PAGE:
Dealing with Common Questions and Objections – Vintage

Having finished the published debate itself, I will now turn to dealing with some of the common questions and tactics utilized by anti-theists when talking with Christians about the Bible. Notice first of all that I have used the term anti-theist. Many atheists like to say that they have no beliefs, hence they have nothing to defend. But, if atheists have no beliefs, how can they write books about atheism? How can they publish monthly periodicals attacking the Bible? Are they not by doing so asserting something even if that something is negative? Of course they are. So, when dealing with people such as Mr. McKinsey using the term anti-theist is perfectly accurate. It is clearly Mr. McKinsey’s goal to destroy any trust in the Bible and, by so doing, belief in God. Therefore, he is rightly called an anti-theist.

In the final installment of Mr. McKinsey’s response to my letters he suggested I deal with the issues raised in an earlier issue of BE. Since the fourteen questions listed by Mr. McKinsey are some of the most common raised by skeptics and atheists, I will take his advice and deal with these questions. I will begin by listing the questions, taking the liberty to edit them to be the most representative possible. I will then provide some possible answers for each.

1.
Why are people today being punished for Adam’s sin? Why do women have to endure pain in childbirth because of Eve’s sin, especially in the light of Deuteronomy 24:16 and other references? 

2. How could two perfect beings, Adam and Eve, have sinned? (Mr. McKinsey adds here, The usual reply that they had free will is of no substance. They can have all the free will desired, but if they chose to sin then they weren’t perfect.)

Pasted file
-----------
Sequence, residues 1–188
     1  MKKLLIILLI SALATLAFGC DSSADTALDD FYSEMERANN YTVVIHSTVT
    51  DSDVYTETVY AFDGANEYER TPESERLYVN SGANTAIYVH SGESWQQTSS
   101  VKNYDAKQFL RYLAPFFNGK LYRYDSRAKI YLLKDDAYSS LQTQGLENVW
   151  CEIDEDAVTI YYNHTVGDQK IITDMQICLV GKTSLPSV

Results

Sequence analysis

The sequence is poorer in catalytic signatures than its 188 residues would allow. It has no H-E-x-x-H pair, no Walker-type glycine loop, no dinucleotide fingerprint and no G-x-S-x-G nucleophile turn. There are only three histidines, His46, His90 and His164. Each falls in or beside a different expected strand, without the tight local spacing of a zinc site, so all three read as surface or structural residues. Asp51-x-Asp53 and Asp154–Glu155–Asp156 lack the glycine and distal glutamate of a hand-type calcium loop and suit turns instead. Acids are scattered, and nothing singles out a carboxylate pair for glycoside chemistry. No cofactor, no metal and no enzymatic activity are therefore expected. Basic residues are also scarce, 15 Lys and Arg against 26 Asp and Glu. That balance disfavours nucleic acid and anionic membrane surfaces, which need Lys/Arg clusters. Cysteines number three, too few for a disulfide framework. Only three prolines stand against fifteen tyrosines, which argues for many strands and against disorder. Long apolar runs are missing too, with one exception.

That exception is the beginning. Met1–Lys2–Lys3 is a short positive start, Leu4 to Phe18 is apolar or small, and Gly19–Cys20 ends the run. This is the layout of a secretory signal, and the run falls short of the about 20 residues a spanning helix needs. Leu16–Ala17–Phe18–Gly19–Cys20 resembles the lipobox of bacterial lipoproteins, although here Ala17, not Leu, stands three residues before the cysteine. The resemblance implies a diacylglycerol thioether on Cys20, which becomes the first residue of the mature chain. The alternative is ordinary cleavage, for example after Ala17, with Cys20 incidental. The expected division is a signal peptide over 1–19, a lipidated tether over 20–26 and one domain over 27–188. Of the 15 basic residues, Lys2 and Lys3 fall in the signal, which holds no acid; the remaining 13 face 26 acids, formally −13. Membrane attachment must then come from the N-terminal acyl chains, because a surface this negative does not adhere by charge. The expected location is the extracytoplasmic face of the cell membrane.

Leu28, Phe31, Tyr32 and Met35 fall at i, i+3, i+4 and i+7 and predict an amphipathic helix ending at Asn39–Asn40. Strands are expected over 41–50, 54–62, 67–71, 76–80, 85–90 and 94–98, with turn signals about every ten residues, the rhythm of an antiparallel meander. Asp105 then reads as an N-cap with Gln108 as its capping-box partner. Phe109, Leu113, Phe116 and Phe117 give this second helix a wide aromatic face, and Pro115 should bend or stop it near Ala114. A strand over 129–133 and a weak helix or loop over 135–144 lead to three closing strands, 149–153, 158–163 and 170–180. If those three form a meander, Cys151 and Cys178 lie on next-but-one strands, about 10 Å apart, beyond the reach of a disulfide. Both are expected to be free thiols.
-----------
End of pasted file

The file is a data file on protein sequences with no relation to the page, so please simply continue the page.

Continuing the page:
3. Christians claim that in order to he saved you must accept Jesus as your savior. If so, then how are babies who die in infancy, the mentally infirm, those who lived before Jesus, and those who lived in the New World before missionaries arrived, saved, and how could God be just if he condemned people because of where or when they were born? (McKinsey adds, “Don’t let them escape via Romans 1 and 2. Belief in God and good works does not save. Only belief in Jesus. If belief in God and inherently knowing the good is all that’s required, then many non-Christians are included).

4. How could Noah (Genesis 6:9) and Job (1:1) have been perfect if all have sinned (Romans 3:23)?

5. How could Paul have said we are saved through faith in Jesus when Jesus himself repeatedly said good works are the pre-requisite?

6. (I include this one only to show the insanity of some of these types of questions). Ask someone if they believe. The answer is nearly always yes. Then ask if they would be willing to drink arsenic or handle deadly snakes since Mark 16:18 says, those who believe shall take up serpents and drink any deadly thing with impunity.

7. How can Numbers 23:19 and / Samuel 15:29 (both stating that God does not repent) be reconciled with Exodus 32:14 and I Samuel 15:35 (which say that he does)?

8. How can Exodus 33:20 and John 1:18 (both stating that no one can see God) be reconciled with Genesis 32:30 and Exodus 33:11 which say that men have seen God? (One might add numerous other references to seeing God, such as Isaiah 6:1).

9. How can the resurrection be so important when others were raised before Jesus was?

10. How can Jesus be our perfect savior when he made many false and deceptive statements such as John 7:8-10), Luke 23:43 (you will be with me in paradise today) Matthew 5:22 and Mark 8:34 (at this point McKinsey says “take up a nonexistent cross.” What he means by that is a mystery)?

11. How can the Bible be the epitome of morality and virtue when it uses profanity such as that found in 2 Kings 18:27, Ezekiel 23:20-21 and Song of Solomon 5:4?

12. How can the various accounts of the Resurrection be reconciled?

13. How can women support the Bible in light of the demeaning status accorded them in I Corinthians 11:3, 9, Ephesians 5:22-24, and other appropriate verses?

14.
How can Jesus, who is allegedly God, talk to God the Father and yet only one God exist? (McKinsey adds “Don’t let biblicists escape with the rationalization that there is only one God but three persons.”)

Obviously many others could be added to this list and we will address other questions at a later point. But, since Mr. McKinsey suggested dealing with them, and as they do pose a fairly representative sample of the kind of questions posed by hostile non-believers, they will do for our present purposes.